Designing WYNDE’S Heroine’s Journey

Tricia Barr explores the process of creating a heroine’s journey for Vespa in her award-winning space opera WYNDE. . . . → Read More: Designing WYNDE’S Heroine’s Journey

Geena Davis Institute on Gender in the Media’s 2014 Findings

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Today is the third of three global symposiums where the Geena Davis Institute on Gender in the Media will present their findings of a global study of film. The findings of the study still prove that many things have to change to create gender equality for women on film and beyond the camera. Here are some of their findings: . . . → Read More: Geena Davis Institute on Gender in the Media’s 2014 Findings

WYNDE Around The Web: September 20, 2014

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A nice review for ATHENA’S DAUGHTERS, which includes a short story from WYNDE. . . . → Read More: WYNDE Around The Web: September 20, 2014

Star Wars at GeekGirlCon 2014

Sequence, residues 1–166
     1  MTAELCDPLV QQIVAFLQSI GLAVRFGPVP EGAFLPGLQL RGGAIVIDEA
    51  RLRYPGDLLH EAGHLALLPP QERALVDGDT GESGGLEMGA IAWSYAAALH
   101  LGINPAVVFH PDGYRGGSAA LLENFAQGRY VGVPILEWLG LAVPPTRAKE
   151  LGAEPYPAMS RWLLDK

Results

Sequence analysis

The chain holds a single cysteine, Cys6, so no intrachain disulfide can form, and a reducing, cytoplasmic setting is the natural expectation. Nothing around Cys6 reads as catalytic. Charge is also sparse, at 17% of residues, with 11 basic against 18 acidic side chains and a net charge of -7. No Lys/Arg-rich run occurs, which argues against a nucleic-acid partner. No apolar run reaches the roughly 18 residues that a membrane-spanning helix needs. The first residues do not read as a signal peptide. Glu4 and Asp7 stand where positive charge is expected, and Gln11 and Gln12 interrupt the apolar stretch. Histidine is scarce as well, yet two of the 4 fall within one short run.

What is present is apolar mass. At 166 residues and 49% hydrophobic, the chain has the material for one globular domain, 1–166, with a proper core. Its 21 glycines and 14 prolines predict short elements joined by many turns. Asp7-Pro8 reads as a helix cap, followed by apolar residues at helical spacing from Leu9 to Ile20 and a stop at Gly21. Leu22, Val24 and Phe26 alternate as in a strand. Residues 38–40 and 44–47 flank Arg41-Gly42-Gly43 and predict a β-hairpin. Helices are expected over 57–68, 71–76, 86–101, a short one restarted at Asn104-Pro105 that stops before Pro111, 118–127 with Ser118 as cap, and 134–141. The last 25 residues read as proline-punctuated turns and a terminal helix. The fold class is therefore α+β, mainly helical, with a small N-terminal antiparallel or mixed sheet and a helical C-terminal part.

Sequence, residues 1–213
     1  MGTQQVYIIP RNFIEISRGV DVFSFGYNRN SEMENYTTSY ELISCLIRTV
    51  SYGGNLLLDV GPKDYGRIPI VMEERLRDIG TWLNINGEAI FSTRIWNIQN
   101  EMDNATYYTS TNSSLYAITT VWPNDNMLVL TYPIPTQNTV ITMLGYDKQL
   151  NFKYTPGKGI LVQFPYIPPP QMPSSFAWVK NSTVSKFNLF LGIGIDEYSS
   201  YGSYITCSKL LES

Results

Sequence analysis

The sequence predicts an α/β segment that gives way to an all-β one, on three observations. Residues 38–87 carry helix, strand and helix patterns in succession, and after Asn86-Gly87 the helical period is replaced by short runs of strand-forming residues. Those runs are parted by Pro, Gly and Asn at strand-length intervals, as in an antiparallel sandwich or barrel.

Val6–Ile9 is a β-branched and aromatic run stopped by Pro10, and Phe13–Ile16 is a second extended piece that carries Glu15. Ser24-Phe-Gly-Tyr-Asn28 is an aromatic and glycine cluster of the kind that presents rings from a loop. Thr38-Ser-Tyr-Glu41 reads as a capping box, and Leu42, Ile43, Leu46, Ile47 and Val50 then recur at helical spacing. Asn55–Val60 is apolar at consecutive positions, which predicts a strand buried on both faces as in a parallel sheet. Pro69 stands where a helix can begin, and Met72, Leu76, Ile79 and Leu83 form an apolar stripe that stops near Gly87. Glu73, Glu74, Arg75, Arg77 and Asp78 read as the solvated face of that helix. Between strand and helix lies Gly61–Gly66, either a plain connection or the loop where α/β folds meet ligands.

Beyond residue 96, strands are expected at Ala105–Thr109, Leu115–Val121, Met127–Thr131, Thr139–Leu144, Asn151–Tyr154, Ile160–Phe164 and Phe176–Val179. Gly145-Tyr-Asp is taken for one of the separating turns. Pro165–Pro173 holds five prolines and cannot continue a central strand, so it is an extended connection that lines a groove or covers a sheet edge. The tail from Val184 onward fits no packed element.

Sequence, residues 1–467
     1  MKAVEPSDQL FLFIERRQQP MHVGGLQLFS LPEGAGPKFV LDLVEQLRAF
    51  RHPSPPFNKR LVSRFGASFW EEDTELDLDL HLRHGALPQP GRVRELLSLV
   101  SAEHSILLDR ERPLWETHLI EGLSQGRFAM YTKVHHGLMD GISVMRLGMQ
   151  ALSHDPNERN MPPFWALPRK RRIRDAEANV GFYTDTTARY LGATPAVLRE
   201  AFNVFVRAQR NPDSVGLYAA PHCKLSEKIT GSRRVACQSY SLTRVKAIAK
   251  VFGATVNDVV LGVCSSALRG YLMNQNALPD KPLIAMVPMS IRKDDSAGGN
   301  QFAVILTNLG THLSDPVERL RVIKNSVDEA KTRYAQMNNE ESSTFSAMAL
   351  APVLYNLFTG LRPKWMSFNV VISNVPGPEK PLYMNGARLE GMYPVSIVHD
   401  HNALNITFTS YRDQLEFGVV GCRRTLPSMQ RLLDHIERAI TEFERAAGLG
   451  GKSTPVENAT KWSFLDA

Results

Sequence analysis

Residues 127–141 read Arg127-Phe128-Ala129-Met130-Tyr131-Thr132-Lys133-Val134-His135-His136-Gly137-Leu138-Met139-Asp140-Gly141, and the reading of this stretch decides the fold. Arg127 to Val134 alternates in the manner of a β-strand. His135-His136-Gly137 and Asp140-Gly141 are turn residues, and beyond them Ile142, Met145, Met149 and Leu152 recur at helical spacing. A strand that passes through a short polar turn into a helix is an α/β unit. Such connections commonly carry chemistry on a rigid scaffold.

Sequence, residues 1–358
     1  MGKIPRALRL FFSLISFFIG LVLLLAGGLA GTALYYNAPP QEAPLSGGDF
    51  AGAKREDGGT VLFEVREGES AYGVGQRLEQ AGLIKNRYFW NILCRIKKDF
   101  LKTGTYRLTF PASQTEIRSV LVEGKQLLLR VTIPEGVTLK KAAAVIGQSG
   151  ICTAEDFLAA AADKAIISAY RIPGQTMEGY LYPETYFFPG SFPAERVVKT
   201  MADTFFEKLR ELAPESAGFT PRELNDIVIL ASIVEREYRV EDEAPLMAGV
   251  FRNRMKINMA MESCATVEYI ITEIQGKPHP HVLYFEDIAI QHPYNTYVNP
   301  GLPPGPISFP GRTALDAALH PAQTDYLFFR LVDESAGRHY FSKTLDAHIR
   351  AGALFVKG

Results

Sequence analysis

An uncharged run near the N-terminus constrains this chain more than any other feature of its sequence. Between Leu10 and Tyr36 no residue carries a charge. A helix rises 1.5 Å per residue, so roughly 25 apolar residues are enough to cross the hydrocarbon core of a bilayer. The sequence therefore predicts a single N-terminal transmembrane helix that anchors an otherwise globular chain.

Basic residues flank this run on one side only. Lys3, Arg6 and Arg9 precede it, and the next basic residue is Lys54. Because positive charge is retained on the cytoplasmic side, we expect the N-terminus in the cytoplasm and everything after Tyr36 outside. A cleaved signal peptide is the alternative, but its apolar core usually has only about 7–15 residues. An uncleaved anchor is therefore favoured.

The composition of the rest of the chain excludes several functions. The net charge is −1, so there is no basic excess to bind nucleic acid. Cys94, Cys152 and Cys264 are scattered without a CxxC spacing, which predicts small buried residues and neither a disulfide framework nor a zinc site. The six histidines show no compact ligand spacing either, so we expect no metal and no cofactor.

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FANgirl will be returning to GeekGirlCon with contributors Linda, Kay, B.J. and Tricia Barr sitting on panels! . . . → Read More: Star Wars at GeekGirlCon 2014

Steampunk and the Heroine’s Journey: Part Two

The surprising impact of Steampunk novels on The Heroine’s Journey

A series by Mary Sheridan

PART 2 – STEAMPUNK INFLUENCES: You may not realize that you have been Punk’d

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“There is nothing more deceptive than an obvious fact.”

Sir Arthur Conan Doyle

Author, Sherlock Holmes

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Sir Arthur Conan Doyle was a prolific writer. He wrote sixty Sherlock Holmes stories alone, the first in 1887 and the last in 1927. Since Sir Arthur’s lifetime, his Holmes’ character has been copied, borrowed, rewritten, revisited, and retold in print and on film by countless writers, and each time, the brilliant investigator was reinvented. Today, so many variations exist that it would be necessary to revisit the first Holmes novel, A Study in Scarlet, in order to know the character as Conan Doyle intended him.

During the past decade, Mr. Holmes has frequently been written into Steampunk novels and films. Anyone who only knows the character from these recent versions could mistakenly believe that the original Victorian novels were Steampunk.